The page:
After the landmark Metroid on the NES (1986), Nintendo went about making a sequel. Metroid II: Return of Samus (1991) was the rather disappointing result.
The Game Boy was a huge hit, so it’s no surprise the Japanese developer wanted to shift some major franchises over to it (such as with that plumber dude, which resulted in Super Mario Land 2: 6 Golden Coins).
But with the limitations of the Game Boy, we guess Metroid couldn’t really live up to heady expectations. Damn and blast!
Metroid II: The Return of Samus (in black and white)
Metroid II was directed by Nintendo’s Hiroji Kiyotake and Hiroyuki Kimura (rather than game design genius Shigeru Miyamoto), which kind of shows in how the game plays out.
The lack of a map (so integral to any Metroidvania experience) was common back then, but frustrating now. But the main issue we have with the game is it’s a bit dull. It lacks the sense of nervy atmospherics other Metroid games create.
The result is Metroid II tends to be thought of as the weakest entry in this storied series.
Not that Nintendo R&D1 didn’t try. As Metroid II follows on from the plot of the first Metroid (steeped as it was in Ridley Scott’s Alien) and involves battling Space Pirates and alien beings called Metroids.
With the technological limitations of the Game Boy, we’re thinking it probably wasn’t best to try a Metroid game this early on with handheld technological.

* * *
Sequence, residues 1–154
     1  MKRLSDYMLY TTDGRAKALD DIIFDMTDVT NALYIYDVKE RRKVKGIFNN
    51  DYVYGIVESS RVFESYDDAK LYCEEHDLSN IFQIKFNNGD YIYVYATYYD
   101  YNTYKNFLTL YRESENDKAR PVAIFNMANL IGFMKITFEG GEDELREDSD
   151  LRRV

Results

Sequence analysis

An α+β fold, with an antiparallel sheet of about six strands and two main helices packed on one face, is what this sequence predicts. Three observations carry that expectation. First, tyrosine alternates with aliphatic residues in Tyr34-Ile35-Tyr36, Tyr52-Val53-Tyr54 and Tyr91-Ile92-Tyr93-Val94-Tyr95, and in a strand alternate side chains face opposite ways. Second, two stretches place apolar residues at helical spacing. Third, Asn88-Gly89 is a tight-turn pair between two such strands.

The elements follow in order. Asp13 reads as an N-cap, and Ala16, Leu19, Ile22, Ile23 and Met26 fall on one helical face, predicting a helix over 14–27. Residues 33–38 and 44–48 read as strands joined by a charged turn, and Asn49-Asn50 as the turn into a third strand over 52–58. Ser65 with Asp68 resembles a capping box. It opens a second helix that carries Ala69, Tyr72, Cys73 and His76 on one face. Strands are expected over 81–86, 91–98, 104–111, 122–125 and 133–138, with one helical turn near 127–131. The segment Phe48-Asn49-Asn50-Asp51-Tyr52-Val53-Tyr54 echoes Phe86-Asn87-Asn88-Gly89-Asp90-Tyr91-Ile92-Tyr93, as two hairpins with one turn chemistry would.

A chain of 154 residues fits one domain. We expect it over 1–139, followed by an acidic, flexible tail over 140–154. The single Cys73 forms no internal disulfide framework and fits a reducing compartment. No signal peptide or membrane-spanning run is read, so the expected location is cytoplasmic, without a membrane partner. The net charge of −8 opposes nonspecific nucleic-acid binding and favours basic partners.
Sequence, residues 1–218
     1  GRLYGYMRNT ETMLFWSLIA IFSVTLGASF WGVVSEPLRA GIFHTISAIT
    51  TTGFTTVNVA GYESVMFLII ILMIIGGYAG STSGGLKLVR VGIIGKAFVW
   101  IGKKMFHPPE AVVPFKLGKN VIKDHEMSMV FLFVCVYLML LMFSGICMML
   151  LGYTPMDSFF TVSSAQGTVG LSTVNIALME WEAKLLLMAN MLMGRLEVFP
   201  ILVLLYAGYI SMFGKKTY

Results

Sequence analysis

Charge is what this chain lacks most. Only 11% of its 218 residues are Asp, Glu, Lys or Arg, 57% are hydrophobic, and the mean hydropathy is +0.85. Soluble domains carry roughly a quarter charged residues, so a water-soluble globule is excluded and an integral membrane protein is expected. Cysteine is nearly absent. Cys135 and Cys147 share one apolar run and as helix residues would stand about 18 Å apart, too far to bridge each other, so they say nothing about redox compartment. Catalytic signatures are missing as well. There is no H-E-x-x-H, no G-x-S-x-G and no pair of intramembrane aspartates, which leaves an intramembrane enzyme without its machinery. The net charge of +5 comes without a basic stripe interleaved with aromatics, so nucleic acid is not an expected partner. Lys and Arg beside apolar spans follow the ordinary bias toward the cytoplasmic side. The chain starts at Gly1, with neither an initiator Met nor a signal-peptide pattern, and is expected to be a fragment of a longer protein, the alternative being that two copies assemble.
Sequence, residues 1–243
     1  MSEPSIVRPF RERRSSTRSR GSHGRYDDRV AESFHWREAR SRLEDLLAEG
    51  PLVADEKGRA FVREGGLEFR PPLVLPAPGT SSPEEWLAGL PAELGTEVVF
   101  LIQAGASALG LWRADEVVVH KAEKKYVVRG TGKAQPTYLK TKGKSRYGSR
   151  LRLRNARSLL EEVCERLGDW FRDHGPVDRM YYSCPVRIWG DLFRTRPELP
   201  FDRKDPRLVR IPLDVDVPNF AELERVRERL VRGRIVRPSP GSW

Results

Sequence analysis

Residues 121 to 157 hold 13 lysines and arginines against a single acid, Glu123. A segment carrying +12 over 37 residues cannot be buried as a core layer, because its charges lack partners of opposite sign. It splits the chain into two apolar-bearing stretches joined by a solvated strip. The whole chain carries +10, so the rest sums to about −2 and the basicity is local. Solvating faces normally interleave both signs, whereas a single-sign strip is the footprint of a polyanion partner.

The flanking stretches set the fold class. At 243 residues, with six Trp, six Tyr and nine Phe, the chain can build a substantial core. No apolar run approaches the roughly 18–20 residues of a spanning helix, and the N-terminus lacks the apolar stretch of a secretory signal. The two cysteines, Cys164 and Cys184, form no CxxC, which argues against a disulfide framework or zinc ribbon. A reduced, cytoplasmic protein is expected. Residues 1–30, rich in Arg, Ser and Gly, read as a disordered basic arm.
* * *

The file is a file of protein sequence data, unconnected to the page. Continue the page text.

But the bleeps and bloops are all there. And it moves along at a solid pace—as you can see in the Metroid II’s opening moments.
The Metroid games are about muscle memory and remembering areas of the open map to travel as you power-up with new weapons. That’s all there in Metroid II, but it is all just a bit curiously flat.
Considering Nintendo followed this up with the iconic Super Metroid (1994), which is one of the best games ever, is something at least. Metroid II laid down the foundations for the SNES entry. For that, it did at least have a mighty purpose.
To give the game a new burst of live, Nintendo and MercurySteam remade the game in time for a 2017 launch. This became Metroid: Samus Returns and launched on the 3DS.
This met with excellent reviews and has helped add new life into a game that was looking a little worse for wear.
We’re not usually in favour of going back and updating retro games with fancy HD stuff, as so many older titles are still fantastic as they are.
But Metroid II has benefited enormously from the upgrade.
Although Nintendo just added the original to the Switch’s new Game Boy library of titles to play. Which has allowed everyone who didn’t get the game in 1991 to relive its strange mediocrity and boring level design.
We don’t want to end on a Debby Downer, so let’s just say make sure you get the outstanding Metroid Dread (2021) over this any day.